The Night Sky: Mars

By Rick Bria

In April 2014 the planet Mars is at opposition. On Monday, April 14 Mars is closest to Earth. Opposition means Mars is opposite the Sun in our sky and is well placed for viewing. Mars looks like a bright orange ‘star’ in the southeast after dark. It is located in the constellation Virgo above the bright blue-white star Spica. A sky map of Virgo is attached to aid in locating Mars.


Contributed image: Rick Bria

The close pairing of Mars and the star Spica allows us to better see their color differences. If they were in different parts of the sky their contrasting colors might go unnoticed.

Mars, like all planets shine by reflecting sunlight. Mars looks orange due to iron oxide in the Martian soil and from dust in its thin atmosphere. Spica is a very hot blue giant star. Spica is many times brighter, hotter and more massive than our Sun. Although Mars is much brighter than Spica in our sky it is only because Mars is MUCH closer. Mars is 5 light minutes away while Spica is 260 light years away.

I took the attached picture of Mars on the morning of April 6, 2014 from the Mary Aloysia Hardey observatory at the Convent of the Sacred Heart. Sky conditions were poor and very windy. The resulting small image of Mars was less than hoped for, but I will try again on a better night. A map of Mars is included at left in the picture to assist in identifying/confirming features on its surface.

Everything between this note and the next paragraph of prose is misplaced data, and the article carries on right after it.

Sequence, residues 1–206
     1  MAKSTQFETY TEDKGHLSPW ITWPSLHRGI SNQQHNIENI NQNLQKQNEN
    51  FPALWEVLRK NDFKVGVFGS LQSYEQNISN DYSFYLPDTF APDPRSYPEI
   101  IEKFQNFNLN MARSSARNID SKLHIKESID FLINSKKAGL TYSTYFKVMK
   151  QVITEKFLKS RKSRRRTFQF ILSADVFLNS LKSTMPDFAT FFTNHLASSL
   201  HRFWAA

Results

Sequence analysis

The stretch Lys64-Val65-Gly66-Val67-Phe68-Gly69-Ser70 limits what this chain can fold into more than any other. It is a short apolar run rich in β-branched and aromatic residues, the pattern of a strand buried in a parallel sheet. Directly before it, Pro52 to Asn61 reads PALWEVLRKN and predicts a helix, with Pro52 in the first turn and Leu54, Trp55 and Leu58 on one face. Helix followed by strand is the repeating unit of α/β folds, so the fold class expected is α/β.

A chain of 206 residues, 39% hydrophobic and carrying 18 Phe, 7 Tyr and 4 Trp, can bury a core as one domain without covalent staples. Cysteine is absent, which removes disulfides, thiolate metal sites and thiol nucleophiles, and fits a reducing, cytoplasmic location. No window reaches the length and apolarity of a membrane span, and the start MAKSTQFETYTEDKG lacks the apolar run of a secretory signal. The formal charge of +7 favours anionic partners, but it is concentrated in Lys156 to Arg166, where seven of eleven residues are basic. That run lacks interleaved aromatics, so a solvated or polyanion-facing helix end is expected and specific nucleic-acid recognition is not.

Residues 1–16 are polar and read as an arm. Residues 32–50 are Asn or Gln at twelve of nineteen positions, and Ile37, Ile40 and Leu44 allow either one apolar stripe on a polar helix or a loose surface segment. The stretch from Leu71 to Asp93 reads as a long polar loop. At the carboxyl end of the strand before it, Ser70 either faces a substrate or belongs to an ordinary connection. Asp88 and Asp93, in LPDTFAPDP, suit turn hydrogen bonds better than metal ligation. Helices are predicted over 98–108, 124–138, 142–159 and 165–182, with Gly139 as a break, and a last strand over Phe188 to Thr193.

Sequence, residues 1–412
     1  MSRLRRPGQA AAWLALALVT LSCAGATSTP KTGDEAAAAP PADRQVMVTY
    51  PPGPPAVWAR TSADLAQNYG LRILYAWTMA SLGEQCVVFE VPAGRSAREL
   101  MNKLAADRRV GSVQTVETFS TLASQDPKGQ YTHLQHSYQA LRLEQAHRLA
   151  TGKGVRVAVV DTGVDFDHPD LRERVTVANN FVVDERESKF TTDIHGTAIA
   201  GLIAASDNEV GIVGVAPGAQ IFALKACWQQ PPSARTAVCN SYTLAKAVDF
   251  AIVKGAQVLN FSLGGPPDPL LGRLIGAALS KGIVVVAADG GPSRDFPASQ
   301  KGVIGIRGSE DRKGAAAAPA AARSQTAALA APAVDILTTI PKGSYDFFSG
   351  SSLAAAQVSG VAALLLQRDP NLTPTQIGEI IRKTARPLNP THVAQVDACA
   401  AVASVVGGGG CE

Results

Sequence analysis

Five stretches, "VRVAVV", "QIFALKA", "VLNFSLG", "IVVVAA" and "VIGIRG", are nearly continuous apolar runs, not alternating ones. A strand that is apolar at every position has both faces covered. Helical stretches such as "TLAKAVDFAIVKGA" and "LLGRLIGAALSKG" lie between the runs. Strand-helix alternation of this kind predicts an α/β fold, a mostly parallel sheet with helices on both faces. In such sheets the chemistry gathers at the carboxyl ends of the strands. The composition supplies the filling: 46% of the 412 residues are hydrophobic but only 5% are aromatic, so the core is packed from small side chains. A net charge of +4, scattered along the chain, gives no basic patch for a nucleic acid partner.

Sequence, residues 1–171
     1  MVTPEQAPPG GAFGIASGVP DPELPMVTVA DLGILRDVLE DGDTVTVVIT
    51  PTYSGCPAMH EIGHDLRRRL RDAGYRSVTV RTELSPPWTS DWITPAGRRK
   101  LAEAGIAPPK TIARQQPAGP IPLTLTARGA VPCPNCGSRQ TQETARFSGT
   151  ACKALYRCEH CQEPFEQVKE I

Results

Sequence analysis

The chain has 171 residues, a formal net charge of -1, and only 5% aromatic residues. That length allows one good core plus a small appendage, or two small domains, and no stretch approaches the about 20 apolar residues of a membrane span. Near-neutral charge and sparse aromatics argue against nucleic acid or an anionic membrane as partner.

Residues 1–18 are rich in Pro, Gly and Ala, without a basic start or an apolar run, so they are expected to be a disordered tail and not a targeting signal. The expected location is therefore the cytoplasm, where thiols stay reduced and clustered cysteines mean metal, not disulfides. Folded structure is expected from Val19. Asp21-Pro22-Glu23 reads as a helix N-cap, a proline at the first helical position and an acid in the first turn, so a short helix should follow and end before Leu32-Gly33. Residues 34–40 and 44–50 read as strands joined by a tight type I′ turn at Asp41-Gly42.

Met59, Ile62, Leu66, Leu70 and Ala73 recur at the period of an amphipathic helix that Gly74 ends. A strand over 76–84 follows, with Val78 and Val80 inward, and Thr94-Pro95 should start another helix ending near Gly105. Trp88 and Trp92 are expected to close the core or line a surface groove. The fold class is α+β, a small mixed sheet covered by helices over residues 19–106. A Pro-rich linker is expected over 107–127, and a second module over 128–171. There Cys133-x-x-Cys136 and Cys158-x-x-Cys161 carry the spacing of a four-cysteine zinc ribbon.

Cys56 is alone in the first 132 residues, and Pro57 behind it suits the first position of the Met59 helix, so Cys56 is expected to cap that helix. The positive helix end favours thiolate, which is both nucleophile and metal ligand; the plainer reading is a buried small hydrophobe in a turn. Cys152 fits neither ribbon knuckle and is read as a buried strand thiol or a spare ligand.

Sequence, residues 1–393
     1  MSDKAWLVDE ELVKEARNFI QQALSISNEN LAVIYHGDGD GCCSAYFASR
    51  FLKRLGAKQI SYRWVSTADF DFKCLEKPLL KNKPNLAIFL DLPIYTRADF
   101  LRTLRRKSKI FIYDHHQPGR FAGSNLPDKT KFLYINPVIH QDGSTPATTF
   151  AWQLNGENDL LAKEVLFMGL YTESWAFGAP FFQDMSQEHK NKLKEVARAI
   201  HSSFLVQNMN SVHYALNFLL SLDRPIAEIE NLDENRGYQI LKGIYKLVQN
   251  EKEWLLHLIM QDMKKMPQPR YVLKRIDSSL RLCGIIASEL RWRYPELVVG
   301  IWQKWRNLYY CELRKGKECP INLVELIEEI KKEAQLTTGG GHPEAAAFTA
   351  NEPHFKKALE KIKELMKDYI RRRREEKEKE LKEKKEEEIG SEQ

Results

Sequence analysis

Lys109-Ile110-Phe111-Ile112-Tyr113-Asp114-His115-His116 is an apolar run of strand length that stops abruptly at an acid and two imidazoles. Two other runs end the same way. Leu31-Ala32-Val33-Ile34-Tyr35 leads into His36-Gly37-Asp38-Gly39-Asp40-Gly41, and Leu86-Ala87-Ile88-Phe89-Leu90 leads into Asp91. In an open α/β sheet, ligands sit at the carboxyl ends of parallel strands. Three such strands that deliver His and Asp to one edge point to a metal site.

Visit a local observatory soon and see Mars at its best! The Bowman Observatory is open every second and fourth Tuesday night of the month.** The Stamford observatory is open every Friday night. Both observatories are open weather permitting.

Starry Nights!

  • Telescope – 16” LX200
  • Camera – Canon 60Da
  • 1/100 – 100iso – CWB – Movie Crop Mode
  • Trans 7-10           Stab 4-10             32degrees f 

**The fourth Tuesday of the month falls on April 22nd.  The Bowman Observatory will be open with it gets dark, free, to the public weather permitting. Clear skies are ideal.